The NFL only integrated when the Cleveland Rams sought to relocate to Los Angeles and the venue, the Los Angeles Coliseum, required them to do so. Kenny Washington and Woody Strode, two black players, were then signed. [12] Other NFL clubs soon did the same, but Marshall refused to integrate the Redskins until the Kennedy administration forced him to do so as a condition of utilizing D.C. Stadium (now RFK Stadium). Despite his open bias, Marshall was inducted into the Pro Football Hall of Fame in 1963. The Cleveland Browns of the All-America Football Conference, a rival Professional Football organization, hired two black players in 1946. By 1960, the NFL’s new competitor, the American Football League, had actively recruited players from smaller, primarily black institutions that had previously been virtually neglected by the NFL, allowing black athletes from those schools to play professional football. Early AFL teams had a higher percentage of black players than their NFL rivals.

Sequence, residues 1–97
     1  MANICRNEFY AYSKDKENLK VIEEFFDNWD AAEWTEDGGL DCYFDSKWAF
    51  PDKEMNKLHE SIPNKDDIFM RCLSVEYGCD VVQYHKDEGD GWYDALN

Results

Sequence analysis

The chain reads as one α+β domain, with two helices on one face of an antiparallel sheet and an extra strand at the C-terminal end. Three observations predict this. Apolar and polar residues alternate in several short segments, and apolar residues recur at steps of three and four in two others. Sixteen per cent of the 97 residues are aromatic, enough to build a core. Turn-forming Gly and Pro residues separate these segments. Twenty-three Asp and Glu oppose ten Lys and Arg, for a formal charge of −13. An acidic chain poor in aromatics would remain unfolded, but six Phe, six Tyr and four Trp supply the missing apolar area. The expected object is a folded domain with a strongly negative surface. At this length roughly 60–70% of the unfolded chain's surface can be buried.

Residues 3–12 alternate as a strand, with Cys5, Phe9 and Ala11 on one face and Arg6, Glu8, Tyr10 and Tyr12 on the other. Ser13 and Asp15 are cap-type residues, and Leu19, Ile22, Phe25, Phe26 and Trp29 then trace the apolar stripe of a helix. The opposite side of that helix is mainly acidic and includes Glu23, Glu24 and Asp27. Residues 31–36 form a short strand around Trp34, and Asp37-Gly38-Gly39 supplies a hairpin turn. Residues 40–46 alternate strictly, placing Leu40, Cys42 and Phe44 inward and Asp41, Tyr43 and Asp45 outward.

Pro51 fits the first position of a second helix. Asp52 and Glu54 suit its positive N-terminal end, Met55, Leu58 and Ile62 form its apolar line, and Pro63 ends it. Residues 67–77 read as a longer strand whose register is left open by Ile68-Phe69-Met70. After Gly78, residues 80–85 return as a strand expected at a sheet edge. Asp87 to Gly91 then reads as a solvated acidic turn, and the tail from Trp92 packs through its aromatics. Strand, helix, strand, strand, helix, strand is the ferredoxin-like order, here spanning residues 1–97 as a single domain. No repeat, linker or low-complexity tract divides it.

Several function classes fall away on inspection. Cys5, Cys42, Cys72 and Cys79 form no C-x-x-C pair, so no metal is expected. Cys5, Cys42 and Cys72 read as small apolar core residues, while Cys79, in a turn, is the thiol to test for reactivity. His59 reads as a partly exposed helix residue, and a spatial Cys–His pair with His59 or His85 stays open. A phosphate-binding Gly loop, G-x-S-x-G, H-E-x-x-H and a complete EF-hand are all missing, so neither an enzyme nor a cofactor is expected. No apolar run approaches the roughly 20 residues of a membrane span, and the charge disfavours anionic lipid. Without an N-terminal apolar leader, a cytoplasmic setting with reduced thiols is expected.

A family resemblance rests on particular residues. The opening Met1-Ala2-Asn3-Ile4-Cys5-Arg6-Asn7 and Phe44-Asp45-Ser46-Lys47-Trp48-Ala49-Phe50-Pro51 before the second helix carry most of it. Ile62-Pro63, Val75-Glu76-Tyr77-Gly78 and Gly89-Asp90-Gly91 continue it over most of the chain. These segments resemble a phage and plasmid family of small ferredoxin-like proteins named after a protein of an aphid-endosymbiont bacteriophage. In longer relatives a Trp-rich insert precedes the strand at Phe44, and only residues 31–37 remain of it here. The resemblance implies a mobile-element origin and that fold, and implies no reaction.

Despite the NFL’s earlier segregationist laws, the apparent competitive advantage of AFL teams with open signing procedures impacted the NFL drafts. By 1969, a comparison of championship team photographs from the two leagues revealed that the AFL’s Chiefs had 23 black players out of 51 (45 percent), while the NFL’s Vikings had 11 black players out of 42 (26 percent). According to reports, one driving aspect in the Chiefs’ victory over the Vikings was their pride in their diverse roster. According to recent surveys, the current, post-merger NFL is roughly 57–61 percent non-white (including African Americans, Polynesians, non-white Hispanics, Asians, and mixed-race people).